Friday, February 21, 2014

Still a Question of Power

Those who argue that Wind and Solar are much cleaner, forget the cost of mining the materials needed, and the amount of energy (and in fact the petroleum they are trying to move away from) it takes to produce a turbine or solar panel.

The energy requirements of this planet are about 20 trillion Kilowatt hours annually last time I looked. The average large commercial solar array setup packaged for sale in extremely sunny areas produces, again, the last time I looked, about, 1750kWh a year, going down to  less than 7-800kWh a year in places like Europe. With our Sunny figure, we are still looking at like 12 billion such arrays, at a huge cost in both real estate, and actual cost to the environment.

Solar panels = strip mining. The production of poly-silicates is expensive, energy intensive, and requires large amounts of materials mined from the earth, and a large amount of waste to be produced. A good indicator of the actual cost of these products is to look directly at the cost of producing them. These commercial setups run a bit over 10 grand a piece in USD, this is the result of the energy and material requirements to produce them, and since solar panels don't grow on trees, we can go back to the old truism "If it can't be grown, someone mined it"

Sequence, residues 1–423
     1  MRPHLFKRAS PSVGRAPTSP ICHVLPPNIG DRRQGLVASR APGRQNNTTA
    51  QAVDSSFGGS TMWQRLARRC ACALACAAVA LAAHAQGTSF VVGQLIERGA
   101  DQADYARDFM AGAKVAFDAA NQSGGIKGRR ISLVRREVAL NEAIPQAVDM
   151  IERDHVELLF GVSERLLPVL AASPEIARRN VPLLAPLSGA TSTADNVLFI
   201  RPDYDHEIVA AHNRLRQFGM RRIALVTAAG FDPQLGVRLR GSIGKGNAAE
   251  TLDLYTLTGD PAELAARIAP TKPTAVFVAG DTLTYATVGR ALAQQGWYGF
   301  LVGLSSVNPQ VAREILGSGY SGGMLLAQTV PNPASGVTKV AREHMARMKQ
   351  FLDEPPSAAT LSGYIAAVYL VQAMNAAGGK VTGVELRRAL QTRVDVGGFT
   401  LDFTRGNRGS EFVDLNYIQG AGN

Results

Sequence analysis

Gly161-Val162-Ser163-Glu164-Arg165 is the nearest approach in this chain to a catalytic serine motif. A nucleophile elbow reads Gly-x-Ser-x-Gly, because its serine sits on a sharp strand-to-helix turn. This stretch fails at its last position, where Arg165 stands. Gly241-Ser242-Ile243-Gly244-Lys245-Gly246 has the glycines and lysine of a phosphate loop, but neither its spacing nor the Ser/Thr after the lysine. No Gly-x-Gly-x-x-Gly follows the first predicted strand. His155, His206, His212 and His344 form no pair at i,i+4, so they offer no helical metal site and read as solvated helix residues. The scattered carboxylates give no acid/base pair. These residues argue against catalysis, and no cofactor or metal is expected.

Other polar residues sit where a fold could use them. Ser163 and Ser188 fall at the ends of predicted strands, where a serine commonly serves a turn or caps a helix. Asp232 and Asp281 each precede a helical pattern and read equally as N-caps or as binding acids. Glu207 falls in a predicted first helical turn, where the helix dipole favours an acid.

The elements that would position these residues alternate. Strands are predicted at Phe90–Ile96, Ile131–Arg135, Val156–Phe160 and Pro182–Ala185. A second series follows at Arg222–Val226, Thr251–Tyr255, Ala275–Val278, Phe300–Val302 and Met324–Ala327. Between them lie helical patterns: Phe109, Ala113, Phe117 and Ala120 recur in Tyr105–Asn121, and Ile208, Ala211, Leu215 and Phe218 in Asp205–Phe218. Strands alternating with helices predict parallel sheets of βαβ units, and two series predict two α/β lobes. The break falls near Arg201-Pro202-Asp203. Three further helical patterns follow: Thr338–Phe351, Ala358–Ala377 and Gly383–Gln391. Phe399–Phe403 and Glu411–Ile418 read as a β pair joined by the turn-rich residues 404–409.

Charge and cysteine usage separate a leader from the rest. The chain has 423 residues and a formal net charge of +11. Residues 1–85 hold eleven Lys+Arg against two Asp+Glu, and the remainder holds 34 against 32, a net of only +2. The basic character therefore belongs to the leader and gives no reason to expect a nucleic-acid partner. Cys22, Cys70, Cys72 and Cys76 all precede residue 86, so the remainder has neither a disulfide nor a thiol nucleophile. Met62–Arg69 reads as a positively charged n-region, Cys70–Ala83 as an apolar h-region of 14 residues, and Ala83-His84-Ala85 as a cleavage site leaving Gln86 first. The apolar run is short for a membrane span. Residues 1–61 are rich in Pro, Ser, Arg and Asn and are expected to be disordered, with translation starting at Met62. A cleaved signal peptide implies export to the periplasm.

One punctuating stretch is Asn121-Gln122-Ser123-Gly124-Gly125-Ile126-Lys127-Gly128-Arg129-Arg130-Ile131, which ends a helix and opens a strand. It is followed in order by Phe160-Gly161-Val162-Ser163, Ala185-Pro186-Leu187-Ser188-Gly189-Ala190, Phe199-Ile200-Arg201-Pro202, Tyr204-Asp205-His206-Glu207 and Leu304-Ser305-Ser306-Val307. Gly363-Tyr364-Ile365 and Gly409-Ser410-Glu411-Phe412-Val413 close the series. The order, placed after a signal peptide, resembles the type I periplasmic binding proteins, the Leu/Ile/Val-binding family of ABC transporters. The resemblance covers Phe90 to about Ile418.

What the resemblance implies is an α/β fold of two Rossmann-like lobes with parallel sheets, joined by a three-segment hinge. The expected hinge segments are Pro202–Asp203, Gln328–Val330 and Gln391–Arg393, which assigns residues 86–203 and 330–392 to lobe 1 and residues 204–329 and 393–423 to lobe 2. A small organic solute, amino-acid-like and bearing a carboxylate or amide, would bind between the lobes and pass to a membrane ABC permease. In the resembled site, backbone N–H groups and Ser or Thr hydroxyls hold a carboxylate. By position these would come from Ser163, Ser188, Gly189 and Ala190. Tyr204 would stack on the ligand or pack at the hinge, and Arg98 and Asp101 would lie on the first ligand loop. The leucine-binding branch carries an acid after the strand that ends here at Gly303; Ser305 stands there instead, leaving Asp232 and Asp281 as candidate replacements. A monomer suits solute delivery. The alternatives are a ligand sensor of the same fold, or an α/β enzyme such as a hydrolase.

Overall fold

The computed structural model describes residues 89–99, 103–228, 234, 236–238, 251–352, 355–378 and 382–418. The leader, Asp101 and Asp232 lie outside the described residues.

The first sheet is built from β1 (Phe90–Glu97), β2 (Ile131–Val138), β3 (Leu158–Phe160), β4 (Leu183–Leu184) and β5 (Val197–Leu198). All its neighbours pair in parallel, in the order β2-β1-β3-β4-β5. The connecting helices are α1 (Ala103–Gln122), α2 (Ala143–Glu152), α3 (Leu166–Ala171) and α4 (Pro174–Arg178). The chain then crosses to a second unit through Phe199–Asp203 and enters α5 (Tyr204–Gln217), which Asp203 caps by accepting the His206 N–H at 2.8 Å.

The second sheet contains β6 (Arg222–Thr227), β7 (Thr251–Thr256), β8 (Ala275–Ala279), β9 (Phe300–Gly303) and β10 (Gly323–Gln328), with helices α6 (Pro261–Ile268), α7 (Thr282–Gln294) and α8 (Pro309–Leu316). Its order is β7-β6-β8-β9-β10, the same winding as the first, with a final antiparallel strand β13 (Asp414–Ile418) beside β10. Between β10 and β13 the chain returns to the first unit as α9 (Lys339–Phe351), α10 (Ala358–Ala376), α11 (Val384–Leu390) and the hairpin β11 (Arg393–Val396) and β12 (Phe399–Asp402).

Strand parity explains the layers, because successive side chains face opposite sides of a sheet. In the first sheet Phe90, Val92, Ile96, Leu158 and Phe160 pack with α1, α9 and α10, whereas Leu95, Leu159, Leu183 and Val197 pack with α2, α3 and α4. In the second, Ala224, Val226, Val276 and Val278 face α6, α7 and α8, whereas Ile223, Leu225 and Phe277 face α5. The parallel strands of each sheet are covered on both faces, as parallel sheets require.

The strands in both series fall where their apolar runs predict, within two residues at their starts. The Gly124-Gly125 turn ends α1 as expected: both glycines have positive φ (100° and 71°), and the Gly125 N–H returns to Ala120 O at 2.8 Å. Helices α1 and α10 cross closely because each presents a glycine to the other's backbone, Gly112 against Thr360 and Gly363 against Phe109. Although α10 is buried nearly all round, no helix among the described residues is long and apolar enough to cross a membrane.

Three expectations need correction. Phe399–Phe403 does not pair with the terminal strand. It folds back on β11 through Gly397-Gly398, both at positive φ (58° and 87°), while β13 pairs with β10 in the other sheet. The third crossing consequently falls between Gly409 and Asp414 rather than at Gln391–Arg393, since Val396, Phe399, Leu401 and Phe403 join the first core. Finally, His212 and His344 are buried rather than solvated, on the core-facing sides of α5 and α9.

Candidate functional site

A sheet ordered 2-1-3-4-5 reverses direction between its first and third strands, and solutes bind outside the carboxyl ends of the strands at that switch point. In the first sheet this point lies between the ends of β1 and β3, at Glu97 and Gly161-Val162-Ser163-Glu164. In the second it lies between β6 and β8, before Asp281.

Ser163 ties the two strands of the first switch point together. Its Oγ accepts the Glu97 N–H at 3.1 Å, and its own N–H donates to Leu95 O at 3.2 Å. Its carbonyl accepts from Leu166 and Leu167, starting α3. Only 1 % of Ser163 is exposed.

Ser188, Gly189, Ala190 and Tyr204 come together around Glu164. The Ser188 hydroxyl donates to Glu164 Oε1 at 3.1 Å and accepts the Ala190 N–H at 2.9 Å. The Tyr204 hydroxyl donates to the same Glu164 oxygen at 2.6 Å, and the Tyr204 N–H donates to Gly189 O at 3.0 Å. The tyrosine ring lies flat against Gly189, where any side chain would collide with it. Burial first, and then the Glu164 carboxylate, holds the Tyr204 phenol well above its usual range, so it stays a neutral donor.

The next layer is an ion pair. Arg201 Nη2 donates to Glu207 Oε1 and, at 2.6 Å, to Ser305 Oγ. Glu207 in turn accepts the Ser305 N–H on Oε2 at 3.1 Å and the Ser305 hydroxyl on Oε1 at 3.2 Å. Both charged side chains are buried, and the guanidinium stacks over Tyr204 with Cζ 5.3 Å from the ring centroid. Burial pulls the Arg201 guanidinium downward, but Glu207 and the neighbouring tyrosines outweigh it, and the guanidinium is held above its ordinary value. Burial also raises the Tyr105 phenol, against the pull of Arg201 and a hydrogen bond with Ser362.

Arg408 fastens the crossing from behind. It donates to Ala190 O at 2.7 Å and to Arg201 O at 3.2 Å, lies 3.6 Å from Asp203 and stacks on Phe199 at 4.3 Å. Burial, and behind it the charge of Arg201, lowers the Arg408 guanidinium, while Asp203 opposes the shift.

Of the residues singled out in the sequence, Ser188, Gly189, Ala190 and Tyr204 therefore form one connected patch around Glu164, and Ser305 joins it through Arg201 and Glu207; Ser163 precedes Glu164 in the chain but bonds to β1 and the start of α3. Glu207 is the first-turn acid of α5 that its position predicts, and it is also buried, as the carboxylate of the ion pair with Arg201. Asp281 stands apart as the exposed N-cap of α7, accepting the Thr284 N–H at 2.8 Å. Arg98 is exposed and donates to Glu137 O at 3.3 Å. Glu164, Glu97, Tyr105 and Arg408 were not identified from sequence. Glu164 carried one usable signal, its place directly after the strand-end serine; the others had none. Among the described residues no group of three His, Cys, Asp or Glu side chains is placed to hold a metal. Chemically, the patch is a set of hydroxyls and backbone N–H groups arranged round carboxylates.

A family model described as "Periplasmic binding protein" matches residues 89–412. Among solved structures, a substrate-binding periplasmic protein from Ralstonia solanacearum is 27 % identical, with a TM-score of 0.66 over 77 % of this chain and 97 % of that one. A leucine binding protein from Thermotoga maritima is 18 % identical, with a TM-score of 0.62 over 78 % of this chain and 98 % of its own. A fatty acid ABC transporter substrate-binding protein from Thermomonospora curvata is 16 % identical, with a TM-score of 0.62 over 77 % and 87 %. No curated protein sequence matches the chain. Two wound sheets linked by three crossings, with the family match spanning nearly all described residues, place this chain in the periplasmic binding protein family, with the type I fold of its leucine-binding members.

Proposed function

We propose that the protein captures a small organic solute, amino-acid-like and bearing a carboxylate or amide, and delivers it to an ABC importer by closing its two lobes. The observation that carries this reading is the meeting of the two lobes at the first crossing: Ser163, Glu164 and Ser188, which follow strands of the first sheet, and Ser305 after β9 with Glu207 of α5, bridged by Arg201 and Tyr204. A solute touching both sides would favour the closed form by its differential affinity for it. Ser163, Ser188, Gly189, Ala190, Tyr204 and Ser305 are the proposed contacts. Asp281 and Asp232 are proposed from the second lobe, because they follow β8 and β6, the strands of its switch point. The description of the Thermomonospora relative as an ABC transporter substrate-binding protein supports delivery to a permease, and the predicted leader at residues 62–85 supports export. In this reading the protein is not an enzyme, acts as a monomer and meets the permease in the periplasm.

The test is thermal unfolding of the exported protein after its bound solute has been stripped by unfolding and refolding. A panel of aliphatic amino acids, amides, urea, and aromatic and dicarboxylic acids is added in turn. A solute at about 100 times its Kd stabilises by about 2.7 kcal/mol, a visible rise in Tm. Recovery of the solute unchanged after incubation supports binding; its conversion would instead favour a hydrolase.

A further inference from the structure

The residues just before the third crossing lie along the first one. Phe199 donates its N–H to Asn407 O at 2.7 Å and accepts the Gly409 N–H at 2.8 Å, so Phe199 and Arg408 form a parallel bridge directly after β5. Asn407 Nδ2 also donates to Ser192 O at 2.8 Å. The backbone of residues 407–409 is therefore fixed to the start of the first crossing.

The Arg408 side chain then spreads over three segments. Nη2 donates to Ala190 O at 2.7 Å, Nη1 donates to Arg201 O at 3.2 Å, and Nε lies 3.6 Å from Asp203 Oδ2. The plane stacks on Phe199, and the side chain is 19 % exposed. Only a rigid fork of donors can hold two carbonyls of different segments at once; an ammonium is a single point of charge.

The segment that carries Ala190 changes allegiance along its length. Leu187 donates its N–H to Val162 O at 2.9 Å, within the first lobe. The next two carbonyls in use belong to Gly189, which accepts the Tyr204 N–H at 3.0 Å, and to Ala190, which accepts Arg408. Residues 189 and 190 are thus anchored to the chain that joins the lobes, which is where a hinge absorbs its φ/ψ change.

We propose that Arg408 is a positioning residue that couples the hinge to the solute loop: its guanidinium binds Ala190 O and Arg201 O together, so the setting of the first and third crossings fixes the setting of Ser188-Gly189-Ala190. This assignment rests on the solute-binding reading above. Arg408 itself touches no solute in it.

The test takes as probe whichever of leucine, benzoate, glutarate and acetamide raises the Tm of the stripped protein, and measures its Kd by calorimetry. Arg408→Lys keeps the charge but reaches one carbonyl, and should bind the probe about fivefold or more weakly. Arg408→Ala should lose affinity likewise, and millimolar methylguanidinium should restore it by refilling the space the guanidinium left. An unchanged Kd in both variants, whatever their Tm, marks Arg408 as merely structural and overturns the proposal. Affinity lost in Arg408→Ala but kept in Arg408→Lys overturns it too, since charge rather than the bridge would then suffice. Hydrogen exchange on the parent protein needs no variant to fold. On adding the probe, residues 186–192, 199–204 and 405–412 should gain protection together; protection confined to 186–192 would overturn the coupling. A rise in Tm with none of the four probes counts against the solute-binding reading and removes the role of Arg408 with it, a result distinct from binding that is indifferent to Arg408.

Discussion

With the optimistic life cycle of a solar array at about 30 years, when someone says whimsically "wouldn't it be great if the whole earth was powered by solar panels" what they are really saying is that we should spend $400,000,000,000 every year ([cost of array] x [number of arrays needed] / [30 years])  to continually strip mine the planet so we can continue to build and replace solar panels. This is overly simplified, of course there are economic savings in systems of scale, but you get the idea. I'm not even touching on the idea that planetary energy consumption is growing at an enormous rate every year and you would continually have to be adding capacity to the grid. A grid that now covers huge portions of the planet, blocking light we could use for things like growing crops.

This may be an improvement over coal, but its hardly sustainable energy the way it is packaged and sold. The primary reason I can see that there is a large push for it (and countries like Germany have shown this), is because it is energy and labor intensive. It may not ever meet planetary requirements for power, it may drastically increase the cost of energy for everyone, it may change the landscape of the planet forever, but hey, at least everyone can have a job.